Family Budget Sample

Total Monthly Income: PHP 50,000
Total Monthly Expenses: PHP 30,000

Fixed ExpenseBudget Allocation
Meralco BillPHP 3,000
Water BillPHP 1,500
Internet BillPHP 1,500
MortgagePHP 5,000
Car InsurancePHP 2,500
Variable ExpenseBudget Allocation
School ExpensesPHP 3,000
Grocery ItemsPHP 3,000
Fuel PHP 2,000
Credit Card Bill PHP 4,000
Online Subscriptions PHP 1,500
Savings PHP 3,000

In this sample, the family still has PHP 20,000 for other expenses like entertainment, shopping, emergency, and others. Choose to spend this difference on income-generating expenses like investments, business opportunities, and other similar ventures.

Read more: Simple Acronyms to Make Budgeting Simpler in 2020

Make the Situation Clear to Everyone

Not every household can afford to have more than one working family member. A single-income household can come into being for several reasons.

It can be caused by a family member unexpectedly losing their job because of COVID-19. It can also be a strategic move for a family to make sure at least one parent will stay at home with the children. Others consist of one solo parent or one able-bodied member taking care of elderly parents.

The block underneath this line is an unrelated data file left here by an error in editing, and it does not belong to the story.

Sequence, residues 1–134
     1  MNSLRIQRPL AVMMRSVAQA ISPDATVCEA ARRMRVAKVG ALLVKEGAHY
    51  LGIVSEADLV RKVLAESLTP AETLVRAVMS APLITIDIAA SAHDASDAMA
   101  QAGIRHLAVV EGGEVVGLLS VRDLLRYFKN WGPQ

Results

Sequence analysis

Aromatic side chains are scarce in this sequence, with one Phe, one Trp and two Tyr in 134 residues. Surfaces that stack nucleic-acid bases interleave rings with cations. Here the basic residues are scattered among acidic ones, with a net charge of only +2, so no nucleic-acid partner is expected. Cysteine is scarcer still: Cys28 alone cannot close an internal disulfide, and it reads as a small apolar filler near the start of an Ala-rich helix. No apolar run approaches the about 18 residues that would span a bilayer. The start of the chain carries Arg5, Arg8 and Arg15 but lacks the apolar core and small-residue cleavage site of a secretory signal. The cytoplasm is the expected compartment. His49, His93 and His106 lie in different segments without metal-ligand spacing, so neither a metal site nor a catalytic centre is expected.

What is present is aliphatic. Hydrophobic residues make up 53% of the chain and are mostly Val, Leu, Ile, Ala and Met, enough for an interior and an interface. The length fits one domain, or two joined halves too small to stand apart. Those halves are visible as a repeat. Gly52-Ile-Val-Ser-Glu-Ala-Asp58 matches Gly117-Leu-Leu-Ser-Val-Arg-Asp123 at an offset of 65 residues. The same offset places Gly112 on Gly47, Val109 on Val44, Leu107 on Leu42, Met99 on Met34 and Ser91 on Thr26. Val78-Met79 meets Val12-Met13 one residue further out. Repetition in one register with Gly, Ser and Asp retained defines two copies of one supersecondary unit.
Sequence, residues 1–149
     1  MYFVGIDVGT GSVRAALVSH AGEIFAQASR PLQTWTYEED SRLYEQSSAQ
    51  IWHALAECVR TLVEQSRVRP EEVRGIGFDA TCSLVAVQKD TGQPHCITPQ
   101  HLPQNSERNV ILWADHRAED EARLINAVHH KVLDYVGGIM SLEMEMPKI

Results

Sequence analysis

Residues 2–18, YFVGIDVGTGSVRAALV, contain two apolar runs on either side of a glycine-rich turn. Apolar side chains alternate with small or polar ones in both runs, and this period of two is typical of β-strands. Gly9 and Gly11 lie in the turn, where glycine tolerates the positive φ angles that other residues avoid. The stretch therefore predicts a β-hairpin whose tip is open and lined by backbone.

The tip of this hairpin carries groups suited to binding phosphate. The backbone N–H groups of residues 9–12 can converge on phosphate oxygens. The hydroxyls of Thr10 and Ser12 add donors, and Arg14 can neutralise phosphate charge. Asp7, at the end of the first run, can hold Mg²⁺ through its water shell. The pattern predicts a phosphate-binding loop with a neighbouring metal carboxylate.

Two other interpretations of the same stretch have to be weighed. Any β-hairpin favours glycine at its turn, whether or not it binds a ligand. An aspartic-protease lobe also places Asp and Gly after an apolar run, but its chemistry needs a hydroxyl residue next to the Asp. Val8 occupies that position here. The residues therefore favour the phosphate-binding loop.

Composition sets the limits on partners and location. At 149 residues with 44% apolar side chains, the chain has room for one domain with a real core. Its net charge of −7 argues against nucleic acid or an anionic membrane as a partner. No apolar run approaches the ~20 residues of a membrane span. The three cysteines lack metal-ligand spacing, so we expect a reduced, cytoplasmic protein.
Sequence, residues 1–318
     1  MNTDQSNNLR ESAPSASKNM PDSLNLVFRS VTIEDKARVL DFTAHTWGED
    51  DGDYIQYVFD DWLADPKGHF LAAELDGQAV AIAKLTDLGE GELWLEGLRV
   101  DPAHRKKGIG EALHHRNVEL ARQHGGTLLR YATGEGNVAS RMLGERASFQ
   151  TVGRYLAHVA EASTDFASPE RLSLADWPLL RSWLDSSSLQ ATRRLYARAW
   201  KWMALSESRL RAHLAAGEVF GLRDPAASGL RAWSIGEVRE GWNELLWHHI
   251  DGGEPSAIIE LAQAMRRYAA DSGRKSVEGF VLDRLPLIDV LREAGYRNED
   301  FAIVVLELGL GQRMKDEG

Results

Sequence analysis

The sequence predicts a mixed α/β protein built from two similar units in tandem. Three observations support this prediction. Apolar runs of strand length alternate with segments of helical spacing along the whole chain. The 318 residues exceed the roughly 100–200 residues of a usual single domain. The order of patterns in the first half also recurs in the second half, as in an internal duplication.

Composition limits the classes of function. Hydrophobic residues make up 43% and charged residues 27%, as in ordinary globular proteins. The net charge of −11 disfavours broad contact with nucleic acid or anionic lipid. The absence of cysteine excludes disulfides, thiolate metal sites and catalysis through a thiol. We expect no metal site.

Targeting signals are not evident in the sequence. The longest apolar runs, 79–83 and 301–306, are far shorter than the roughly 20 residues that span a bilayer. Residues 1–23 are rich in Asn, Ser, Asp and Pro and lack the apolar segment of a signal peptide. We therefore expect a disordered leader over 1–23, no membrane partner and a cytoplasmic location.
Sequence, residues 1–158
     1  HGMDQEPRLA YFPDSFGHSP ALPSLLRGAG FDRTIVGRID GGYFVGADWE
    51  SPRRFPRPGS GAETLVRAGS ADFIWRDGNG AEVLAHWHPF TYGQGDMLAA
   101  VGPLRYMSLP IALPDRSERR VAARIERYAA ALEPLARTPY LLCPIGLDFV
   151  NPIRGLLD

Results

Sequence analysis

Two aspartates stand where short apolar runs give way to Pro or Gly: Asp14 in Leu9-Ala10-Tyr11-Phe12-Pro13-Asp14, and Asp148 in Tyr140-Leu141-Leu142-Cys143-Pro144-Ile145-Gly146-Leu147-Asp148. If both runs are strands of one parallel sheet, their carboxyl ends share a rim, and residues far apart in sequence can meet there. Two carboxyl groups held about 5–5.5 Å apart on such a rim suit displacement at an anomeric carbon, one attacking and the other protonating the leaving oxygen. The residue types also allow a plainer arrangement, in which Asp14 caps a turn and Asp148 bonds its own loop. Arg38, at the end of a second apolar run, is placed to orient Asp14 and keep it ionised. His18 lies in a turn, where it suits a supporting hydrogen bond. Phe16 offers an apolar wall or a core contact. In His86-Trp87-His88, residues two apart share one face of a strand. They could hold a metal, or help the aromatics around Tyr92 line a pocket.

Whatever the situation is, it’s important to talk to every family member and explain why you need to make some financial adjustments to your household budget.

Maximize what you already have and build a budget that ensures all the household’s needs are met. Whether living on a single income is a temporary solution or a permanent one, what’s important is making sure that everyone understands what is going on with the household finances.

Read more: How to Make Your Very Own Financial Recovery Plan

Cut Back on Your Expenses

family budgeting - cut expenses

If the difference between your monthly income and your monthly expenses resulted in a negative number, it’s time to make some adjustments to your family budgeting.